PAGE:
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Top 3 Questions For Your Medical Provider

Updated: Aug 8



You don't know what you don't know. And for first time moms, asking questions about the birth process can be very challenging for this exact reason.


That's why I am compiling questions I have my clients ask their providers here for you in this blog. These questions are primarily about the birth process, but if you're shopping for providers early on in the pregnancy they can help shed light on the philosophies of your chosen provider.


If I Get An Epidural, Can I Still Move Around?


Walking is out of the question after receiving an epidural, but you should still be able to change position in bed.


Birthing in an upright position, such as quadruped or child's pose, can help decrease your risk of tearing during birth.


Having an epidural should not automatically remove your ability to move. I had an epidural and pushed for 4-hours in bed, in various different positions!


This is dependent on whether or not you need additional medical interventions, and your provider may require you to lie on your back during pushing if it is medically necessary.


This is a great question to ask your provider. Their answer will tell you quite a bit about their birthing philosophies and may dictate whether or not you choose to continue care with them.


Can My Partner Help With Perineal Massage During Labor?


Massaging the base of the vaginal opening during labor and applying warm compresses, like a moist wash cloth, can also help decrease your risk of tearing.


This can be performed in between contractions by your partner or your provider.


According to a meta-analysis of randomized controlled trials published in 2020, Perineal massage during labor has been shown to significantly decrease your risk of tearing during labor.


Your provider may be uncomfortable allowing your partner to perform massage, but should at minimum acknowledge your desire to involve your partner and decrease your risk of tearing during birth.


Many times it is the midwife that provides this service, so if your provider does not wish your partner to assist, then they should offer to perform this service themselves.


Your provider's answer to this question will reveal quite a bit about their willingness to listen to your requests and interest in including family in the birthing process.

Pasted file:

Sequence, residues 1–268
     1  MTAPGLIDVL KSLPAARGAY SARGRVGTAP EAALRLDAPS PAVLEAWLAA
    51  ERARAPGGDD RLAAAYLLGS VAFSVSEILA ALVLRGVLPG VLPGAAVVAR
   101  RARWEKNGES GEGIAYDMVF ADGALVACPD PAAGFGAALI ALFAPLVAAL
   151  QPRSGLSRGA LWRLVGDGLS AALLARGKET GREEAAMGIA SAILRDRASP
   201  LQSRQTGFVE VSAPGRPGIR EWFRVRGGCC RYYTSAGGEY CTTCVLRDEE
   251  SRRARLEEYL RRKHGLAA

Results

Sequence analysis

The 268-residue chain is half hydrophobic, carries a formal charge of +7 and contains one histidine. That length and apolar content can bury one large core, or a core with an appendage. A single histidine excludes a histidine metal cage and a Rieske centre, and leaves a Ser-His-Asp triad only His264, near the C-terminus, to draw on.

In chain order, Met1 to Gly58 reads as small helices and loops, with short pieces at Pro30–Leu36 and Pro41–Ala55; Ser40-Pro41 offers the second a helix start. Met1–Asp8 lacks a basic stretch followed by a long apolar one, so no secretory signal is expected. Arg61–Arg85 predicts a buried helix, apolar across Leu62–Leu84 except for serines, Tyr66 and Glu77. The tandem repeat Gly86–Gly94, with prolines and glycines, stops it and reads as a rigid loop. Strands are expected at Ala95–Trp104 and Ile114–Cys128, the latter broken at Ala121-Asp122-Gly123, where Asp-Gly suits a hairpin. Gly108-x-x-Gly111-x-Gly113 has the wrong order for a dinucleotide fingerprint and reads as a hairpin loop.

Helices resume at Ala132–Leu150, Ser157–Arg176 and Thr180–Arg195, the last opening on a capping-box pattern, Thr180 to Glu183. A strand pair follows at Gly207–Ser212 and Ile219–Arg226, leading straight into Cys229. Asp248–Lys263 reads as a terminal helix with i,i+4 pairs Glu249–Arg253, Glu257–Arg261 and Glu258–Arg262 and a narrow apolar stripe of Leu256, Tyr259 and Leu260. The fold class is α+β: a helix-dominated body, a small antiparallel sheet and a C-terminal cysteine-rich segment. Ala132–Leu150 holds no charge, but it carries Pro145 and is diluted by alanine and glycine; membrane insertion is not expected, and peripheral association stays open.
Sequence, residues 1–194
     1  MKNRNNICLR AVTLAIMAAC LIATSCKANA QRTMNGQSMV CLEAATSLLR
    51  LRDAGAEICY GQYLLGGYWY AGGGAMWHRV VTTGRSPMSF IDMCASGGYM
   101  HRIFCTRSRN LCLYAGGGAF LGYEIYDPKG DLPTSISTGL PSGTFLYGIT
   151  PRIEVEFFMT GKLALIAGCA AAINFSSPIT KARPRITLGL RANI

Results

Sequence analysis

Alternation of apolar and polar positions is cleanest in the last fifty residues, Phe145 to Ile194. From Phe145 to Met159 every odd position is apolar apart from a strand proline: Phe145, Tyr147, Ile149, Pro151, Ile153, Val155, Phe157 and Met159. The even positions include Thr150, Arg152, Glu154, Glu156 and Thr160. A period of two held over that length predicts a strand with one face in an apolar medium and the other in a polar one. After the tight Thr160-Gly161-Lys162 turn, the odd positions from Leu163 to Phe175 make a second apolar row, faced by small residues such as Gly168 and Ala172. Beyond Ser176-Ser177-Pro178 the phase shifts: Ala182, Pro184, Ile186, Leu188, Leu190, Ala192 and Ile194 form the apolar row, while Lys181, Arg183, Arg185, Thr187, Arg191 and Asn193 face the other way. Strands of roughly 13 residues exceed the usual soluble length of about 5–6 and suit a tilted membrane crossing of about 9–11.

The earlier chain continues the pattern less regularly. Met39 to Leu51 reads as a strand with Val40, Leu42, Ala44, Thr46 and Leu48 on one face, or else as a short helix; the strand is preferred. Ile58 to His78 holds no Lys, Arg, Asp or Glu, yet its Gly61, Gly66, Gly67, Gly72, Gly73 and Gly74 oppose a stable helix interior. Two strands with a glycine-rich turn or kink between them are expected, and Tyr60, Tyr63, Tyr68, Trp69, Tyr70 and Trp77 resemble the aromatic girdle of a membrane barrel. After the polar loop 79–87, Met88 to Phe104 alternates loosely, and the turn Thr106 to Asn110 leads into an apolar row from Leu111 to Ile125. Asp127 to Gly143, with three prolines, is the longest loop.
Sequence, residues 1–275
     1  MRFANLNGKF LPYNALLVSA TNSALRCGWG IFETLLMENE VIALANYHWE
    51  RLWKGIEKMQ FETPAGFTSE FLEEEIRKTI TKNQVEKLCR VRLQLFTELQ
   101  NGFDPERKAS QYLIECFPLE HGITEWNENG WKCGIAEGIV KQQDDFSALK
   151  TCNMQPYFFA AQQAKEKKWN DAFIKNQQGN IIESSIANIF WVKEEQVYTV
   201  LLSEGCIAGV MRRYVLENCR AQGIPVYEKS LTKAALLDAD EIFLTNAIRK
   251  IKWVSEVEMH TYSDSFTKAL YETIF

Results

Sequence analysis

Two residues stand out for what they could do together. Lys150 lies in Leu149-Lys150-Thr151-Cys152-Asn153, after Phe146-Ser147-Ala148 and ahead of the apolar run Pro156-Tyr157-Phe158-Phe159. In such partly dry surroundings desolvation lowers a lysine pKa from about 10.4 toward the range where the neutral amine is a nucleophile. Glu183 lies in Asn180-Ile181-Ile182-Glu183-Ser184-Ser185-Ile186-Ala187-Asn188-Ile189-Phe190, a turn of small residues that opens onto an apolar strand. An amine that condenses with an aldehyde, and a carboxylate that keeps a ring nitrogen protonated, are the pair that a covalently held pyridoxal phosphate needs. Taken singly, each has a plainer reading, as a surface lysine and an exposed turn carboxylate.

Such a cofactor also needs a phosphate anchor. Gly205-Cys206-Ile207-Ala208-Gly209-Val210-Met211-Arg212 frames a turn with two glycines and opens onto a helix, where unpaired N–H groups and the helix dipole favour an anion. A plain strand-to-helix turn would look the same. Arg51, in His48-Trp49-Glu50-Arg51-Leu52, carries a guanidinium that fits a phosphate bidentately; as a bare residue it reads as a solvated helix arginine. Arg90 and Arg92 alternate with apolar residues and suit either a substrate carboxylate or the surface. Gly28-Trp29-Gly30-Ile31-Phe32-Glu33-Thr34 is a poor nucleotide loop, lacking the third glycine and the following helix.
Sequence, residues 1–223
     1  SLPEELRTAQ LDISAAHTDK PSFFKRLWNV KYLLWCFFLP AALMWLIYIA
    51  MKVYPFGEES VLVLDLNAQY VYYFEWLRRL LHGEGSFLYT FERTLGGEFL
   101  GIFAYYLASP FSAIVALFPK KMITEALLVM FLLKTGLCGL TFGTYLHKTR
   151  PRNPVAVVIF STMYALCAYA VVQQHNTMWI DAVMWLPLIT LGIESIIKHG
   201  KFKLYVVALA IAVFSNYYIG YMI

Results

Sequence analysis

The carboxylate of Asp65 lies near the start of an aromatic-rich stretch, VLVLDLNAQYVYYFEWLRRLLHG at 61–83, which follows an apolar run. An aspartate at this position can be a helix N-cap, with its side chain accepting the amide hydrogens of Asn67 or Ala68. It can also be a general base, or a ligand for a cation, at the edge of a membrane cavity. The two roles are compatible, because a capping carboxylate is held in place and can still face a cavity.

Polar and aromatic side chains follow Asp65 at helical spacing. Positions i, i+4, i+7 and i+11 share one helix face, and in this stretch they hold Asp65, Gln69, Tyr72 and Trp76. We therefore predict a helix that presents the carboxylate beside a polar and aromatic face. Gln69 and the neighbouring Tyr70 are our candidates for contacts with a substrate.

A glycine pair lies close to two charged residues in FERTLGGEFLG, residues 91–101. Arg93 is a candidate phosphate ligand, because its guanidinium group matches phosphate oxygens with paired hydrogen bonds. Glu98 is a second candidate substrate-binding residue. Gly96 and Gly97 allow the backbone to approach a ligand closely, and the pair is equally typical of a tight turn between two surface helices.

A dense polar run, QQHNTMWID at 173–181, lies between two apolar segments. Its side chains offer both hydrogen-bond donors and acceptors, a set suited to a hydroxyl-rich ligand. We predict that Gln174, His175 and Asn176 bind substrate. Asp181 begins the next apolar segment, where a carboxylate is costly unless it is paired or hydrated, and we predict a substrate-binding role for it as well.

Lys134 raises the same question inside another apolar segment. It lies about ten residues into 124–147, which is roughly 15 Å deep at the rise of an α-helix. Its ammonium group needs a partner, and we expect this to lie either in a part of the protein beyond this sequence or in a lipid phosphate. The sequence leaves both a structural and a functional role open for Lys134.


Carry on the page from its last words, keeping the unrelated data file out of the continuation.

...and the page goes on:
How Do You Tell People To Push During Labor?


Your pelvic floor does not push the baby out. Your uterus pushes the baby out. Your job during labor is to relax your pelvic floor and breathe.


Purple pushing, or holding your breath and bearing down, will actually result in your pelvic floor naturally contracting. Although you may be able to generate force through the abdominal cavity this way, your will also now have to push a baby out through a tight pelvic floor.


The current recommendation by the American Association of Obstetrics and Gynecology for pushing is to not coach the mother on how to push, but to allow her to respond to her own instincts. When women are not coached to push during labor, they tend to not hold their breath and strain, and instead breathe through pushes, which is consistent with normal human anatomy and core activation.


It's possible your provider will offer you a good reason for their preference in pushing style. This is an excellent question to ask your provider, and will shed quite a bit of light on their philosophies around labor.


Conclusion


These questions will get right down to the culture and core of your chosen provider and establishment. The response you get to these questions will speak volumes about your provider's willingness to work with your needs and desires, and compassion capacity for involving family.


I highly recommend asking these questions early on to drill down to the nitty gritty about who you are working with. If it doesn't vibe, give yourself plenty of time to find someone new.


Remember, you have choices in health care. You do not have to work with someone who doesn't share your philosophies on birth.


You got this mama.



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